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Veterans Day is a day to thank and honor both dead and alive United States Veterans, unlike Memorial Day where Americans honor only those soldiers who died as a result of injuries incurred during battle. Veterans Day was originally known as Armistice Day and was considered a legal holiday on November 11, 1918. It was a day to honor the end of World War I and in 1938 legislation was passed dedicating the date 11-11 as the cause of world peace. In 1954 President Eisenhower signed a bill proclaiming that 11-11 would no longer be called Armistice Day. From that day forward, it would be known as Veterans Day. Fifty-seven years later, on 11-11-11 Americans will gather across the country to honor Veterans of Wars. At exactly 11:00 am, a color guard from each branch of the military will honor the war dead with a wreath laying ceremony at the Tomb of the Unknowns (Tomb of the Unknown Soldier) in Arlington National Cemetery. Factors that Complicate What Veterans Experience You may have received hostile fire, blasts, personal injury, feared your own personal safety, witnessed combat casualties, and lived day-to-day in severe conditions, or experienced military sexual harassment and trauma. You may be currently facing losses such as homelessness and unemployment. Military factors that may complicate your experience include training accidents and combat injuries resulting in death, lengthy process of recovering and transporting your friend's body home before burial, limitation in viewing the remains due to the injuries, the young age of the soldier as nearly one-third of U.S. troops killed in Iraq were between the ages of 18 and 21. Now that you have returned home, you may have to deal with unwanted media attention, civilian reactions to military death and vindictive political protesters at the funeral. As a Veteran, you are faced with several issues including a long wait for doctor's appointments, driving several hours to see a mental health specialist, your spouse wanting to separate or divorce, loss of employment or lack of adequate employment, and negative stereotypes of military/veterans in the movies. Many Veterans feel out of control when eating. They have haunting images due to military trauma and need alcohol and/or drugs to get through their day. You may feel worried, anxious, irritable, frustrated and preoccupied with rage. Some Veterans take prescription medication without medical supervision and think about killing themselves. Too many Veterans experience hopeless, rage, and withdraw from friends, family, and their community and have no sense of purpose in life. The VA's suicide hotline receives approximately 10,000 calls per month. There are 950 suicide attempts per month by veterans receiving care from the VA and eighteen Veterans die by suicide each day. Five of them are under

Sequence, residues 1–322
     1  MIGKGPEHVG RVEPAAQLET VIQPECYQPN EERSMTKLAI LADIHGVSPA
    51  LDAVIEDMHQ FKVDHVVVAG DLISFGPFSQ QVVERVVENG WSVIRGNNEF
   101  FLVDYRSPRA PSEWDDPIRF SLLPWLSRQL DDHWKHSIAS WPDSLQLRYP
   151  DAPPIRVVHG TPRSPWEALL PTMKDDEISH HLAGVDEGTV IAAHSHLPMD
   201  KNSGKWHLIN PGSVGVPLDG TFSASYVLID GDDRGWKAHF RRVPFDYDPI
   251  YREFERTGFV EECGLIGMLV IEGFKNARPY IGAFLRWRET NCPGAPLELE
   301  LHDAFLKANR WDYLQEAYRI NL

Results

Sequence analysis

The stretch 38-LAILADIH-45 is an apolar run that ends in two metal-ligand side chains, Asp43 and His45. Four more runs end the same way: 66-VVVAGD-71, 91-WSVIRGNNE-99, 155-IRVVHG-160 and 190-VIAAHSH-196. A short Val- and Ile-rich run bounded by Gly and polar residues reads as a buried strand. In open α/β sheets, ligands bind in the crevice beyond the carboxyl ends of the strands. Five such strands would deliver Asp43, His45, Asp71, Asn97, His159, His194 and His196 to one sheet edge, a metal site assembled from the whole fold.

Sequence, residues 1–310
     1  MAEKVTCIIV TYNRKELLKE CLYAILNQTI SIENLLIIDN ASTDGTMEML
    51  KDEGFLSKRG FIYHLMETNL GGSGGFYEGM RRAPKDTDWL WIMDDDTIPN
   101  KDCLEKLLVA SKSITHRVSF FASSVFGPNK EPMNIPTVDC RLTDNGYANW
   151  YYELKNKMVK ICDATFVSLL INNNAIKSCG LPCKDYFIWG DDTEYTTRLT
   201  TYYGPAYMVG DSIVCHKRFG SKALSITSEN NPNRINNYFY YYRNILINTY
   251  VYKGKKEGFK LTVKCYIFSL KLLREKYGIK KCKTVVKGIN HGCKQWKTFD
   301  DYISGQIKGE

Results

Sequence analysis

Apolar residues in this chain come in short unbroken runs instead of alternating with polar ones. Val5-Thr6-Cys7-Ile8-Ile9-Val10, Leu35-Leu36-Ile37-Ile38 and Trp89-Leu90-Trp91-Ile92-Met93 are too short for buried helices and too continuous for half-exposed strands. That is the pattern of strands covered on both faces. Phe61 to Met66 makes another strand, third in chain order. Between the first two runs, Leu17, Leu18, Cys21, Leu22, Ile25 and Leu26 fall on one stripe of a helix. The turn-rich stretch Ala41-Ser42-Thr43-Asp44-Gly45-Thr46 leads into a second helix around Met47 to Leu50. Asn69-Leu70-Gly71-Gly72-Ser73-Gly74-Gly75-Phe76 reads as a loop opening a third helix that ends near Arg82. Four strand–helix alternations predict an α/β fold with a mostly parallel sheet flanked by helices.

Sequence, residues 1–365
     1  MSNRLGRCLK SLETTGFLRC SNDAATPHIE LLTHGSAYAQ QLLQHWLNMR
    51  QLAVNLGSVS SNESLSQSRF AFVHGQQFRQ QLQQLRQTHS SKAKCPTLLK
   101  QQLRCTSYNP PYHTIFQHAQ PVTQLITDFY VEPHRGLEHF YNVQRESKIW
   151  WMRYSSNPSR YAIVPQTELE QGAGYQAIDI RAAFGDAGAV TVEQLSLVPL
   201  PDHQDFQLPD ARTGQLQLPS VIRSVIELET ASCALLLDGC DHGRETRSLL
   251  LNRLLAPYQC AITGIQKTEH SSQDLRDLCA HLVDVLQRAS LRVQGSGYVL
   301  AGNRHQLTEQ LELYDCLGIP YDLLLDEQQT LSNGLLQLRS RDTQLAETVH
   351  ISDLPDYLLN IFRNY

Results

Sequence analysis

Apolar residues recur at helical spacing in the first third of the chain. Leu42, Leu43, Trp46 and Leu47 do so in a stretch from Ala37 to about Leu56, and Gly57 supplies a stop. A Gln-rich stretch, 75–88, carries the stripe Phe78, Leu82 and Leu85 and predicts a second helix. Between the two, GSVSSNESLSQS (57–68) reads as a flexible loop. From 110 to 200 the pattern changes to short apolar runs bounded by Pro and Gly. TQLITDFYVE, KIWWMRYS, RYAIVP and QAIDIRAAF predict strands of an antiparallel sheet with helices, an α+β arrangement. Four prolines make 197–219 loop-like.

the care of the VA. What Veterans Go Through Veterans are dealing with Prolonged Grief Disorder, Post Traumatic Stress Disorder and Traumatic Brain Injuries. They may experience unwanted memories, volatile behavior, poor sleep, suspicion, withdrawal, and have higher rates of drug and alcohol disorders. Physical reactions include chronic pain; digestive disturbances, Gulf War Illness, and respiratory disease. Physical disabilities include amputation and spinal cord injuries. Emotional reactions include feeling empty, furious, guilty, overwhelmed, and sadness. Cognitive reactions are forgetfulness, blame, confusion, flashbacks and self-doubt. Behavioral reactions are feeling detached from surroundings, intolerant, mistrust, refusing to talk and sleep disturbances. Spiritual reactions are abandoned faith, apathetic about the future, feeling forsaken, hopeless and loss of purpose. Why Veterans Don't Get Help Although what you're going through may be similar to what others are going through, many Veterans refuse to seek out help as they fear it will only make matters worse. They feel stigma regarding how they will be perceived and feel shame that prevents them from seeking help. Some Veterans don't have the time to get help due to responsibilities or don't have the energy due to overwhelming grief, depression, and stress. Veterans may distrust professional helpers based on past contact or culture or have family members who do not approve of seeking support outside of the family. Good News for Veterans It's no secret that Veterans have bottled up their feelings. I recently presented a program for Veterans and asked them about those feelings. They noted three top issues: 1. Trust; 2. Insecurity; and 3. Fear. I asked them if they could prepare soldiers returning home for the challenges they can expect, what would they tell them. Twenty of the top responses were: You can make it! Take a vacation. Your family needs you. Get computer literate. Get all of your medical records. Know that you have benefits. You will receive a lot of praise. Get counseling and seek therapy. Ask for help with financial planning. Be a part of your faith community. Always be ready for the unknown. Some problems do not arise right away. Learn what you can about the GI Bill. Everything is going to appear uncertain. It will be hard to find a routine, but get one. Drinking is not going to solve your problems. Find something to live for and don't kill yourself.